So it was with the true Jonah. When He was taken and cast into the deep, that deep was hushed into a calm, its fury stilled, every tumultuous billow was rocked to rest—"The raging sea grew calm." "Being justified by faith, we have peace with God through our Lord Jesus Christ." He has done all, and suffered all, and procured all for us—left nothing to be supplemented by human merit. In the words of an old theologian, "We who have believed do enter into rest, and that by ceasing from our own works, as God did from His."

It is a perfect peace. It is no simulation—no counterfeit. There is no flaw in these title-deeds. It is a peace founded on everlasting truth and everlasting righteousness, securing alike the vindication of the Divine law and the manifestation of the Divine glory. It is a peace with God above, and peace with conscience within—peace secured by the Redeemer on the Cross, and ratified by the Kingly Intercessor on the Throne. Like the weary bird, after tracking its way across leagues of vast ocean, the believer can enter the opened window of the True Ark, and sing the song of an older heir of covenant blessings, "Be at rest (Peace), O my soul."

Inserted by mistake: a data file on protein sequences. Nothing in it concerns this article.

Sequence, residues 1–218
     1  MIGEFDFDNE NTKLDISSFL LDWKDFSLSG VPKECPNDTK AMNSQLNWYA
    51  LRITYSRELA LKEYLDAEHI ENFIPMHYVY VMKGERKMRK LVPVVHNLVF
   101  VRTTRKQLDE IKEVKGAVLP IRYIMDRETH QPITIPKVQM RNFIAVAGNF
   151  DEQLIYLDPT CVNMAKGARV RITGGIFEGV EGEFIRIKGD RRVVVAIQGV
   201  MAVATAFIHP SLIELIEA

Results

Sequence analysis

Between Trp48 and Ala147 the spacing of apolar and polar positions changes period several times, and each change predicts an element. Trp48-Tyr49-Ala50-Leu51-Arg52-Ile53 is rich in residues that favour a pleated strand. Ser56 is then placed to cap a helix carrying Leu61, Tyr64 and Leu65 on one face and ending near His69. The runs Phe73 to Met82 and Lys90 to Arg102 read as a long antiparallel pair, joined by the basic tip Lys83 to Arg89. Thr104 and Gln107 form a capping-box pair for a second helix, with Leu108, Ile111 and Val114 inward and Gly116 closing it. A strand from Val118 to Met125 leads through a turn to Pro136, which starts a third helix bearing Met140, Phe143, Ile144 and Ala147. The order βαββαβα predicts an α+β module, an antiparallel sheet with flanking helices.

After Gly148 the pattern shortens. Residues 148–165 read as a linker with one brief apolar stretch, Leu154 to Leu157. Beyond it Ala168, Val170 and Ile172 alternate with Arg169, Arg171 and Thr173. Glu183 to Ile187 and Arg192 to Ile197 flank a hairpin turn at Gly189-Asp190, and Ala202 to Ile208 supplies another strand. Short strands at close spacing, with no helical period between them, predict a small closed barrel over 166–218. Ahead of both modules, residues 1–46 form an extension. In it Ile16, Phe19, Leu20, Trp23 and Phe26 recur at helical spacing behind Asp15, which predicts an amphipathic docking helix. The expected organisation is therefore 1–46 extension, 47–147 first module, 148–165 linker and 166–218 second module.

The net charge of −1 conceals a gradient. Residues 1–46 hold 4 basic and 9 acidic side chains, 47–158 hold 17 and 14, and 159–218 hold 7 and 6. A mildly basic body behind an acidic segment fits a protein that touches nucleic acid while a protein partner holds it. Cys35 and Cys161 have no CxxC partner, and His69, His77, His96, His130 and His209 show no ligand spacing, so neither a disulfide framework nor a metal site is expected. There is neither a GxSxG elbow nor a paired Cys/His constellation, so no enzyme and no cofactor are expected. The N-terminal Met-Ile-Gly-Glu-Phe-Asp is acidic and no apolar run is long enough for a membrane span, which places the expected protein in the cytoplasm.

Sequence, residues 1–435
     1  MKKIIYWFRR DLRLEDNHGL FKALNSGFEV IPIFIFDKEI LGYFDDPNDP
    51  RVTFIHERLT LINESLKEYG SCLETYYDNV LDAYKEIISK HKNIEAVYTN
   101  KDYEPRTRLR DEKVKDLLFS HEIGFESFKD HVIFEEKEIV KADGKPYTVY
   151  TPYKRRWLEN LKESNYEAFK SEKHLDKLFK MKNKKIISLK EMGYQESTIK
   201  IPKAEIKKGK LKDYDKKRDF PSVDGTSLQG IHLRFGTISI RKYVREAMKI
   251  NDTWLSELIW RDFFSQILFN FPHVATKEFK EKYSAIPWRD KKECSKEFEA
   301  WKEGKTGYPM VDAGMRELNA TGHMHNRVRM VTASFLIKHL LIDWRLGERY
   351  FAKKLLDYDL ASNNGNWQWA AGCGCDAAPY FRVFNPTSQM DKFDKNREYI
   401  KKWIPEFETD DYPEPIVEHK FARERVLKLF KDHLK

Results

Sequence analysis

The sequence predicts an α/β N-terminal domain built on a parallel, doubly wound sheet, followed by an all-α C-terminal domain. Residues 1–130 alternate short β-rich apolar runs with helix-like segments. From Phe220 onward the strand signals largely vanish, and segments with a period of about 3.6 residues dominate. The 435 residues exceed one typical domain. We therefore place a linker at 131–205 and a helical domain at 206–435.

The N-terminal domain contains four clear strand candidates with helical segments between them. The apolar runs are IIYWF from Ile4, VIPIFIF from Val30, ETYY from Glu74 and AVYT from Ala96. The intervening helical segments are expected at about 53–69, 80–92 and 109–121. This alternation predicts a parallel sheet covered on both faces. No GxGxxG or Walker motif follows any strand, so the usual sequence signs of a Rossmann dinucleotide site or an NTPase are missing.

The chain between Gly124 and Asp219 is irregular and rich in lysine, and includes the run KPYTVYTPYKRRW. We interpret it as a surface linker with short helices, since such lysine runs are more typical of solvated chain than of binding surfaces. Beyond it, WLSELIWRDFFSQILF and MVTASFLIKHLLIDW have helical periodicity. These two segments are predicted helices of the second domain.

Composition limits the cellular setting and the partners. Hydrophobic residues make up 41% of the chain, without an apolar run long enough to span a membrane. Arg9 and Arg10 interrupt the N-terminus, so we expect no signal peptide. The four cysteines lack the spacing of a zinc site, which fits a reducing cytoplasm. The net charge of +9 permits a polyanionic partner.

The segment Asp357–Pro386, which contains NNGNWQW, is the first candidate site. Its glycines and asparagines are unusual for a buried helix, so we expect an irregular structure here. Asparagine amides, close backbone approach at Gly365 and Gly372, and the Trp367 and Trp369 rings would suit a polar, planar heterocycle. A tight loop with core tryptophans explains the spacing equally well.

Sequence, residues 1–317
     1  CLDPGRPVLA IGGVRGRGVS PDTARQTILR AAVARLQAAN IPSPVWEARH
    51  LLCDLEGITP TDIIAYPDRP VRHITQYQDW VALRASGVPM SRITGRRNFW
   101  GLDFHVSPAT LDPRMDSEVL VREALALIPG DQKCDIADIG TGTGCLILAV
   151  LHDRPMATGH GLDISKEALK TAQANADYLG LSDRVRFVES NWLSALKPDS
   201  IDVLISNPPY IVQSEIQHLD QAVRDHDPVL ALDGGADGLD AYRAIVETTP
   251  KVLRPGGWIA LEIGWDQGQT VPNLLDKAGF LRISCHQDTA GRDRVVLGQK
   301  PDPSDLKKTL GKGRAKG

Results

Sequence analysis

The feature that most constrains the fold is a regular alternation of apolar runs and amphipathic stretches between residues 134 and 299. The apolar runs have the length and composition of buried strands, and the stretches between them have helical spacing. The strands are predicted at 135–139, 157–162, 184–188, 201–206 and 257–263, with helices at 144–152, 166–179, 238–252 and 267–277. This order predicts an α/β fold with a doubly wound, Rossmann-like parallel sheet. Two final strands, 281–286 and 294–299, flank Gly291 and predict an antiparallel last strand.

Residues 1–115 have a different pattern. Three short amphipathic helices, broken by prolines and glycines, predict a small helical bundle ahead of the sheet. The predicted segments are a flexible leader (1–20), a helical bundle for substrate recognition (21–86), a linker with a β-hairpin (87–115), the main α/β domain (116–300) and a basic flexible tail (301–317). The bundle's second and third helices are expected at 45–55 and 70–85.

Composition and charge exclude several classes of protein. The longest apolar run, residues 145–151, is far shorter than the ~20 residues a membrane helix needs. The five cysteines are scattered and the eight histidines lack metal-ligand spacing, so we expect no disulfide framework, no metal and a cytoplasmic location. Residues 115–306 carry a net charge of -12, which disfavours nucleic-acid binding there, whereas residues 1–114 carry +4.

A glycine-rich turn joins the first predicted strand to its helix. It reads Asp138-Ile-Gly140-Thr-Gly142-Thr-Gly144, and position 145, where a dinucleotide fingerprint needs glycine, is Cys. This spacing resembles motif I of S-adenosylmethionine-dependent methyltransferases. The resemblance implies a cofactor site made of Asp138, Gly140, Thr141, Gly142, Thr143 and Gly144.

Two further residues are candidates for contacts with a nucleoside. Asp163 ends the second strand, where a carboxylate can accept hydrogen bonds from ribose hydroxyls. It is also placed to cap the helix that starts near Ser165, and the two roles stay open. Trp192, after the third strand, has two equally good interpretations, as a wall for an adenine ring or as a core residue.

It is a permanent peace. As such, it is "not as the world gives." Many of the world's best blessings, those which are considered to minister most effectually to outward happiness and inward peace, ours today, may be gone tomorrow—we have no pledge or guarantee for their continuation. They are fed from the low marshy grounds of earth, dependent on fitful seasons and capricious showers. But the peace of Christ, being from heaven, is a perennial stream; it is fed from surer supply than glacier Alps, and it rolls on in undiminished fullness and volume, in summer's drought and in winter's cold. It is irrespective and independent of all outward accidents. It bears up and sustains in the midst of the harassments of business, the crushing of poverty, the weariness of sickness, the pangs of bereavement, the shadows of death. Well may the author of "The Pilgrim's Progress" give the name of PEACE to the chamber in which Christian lay, and whose window opened toward the sunrise!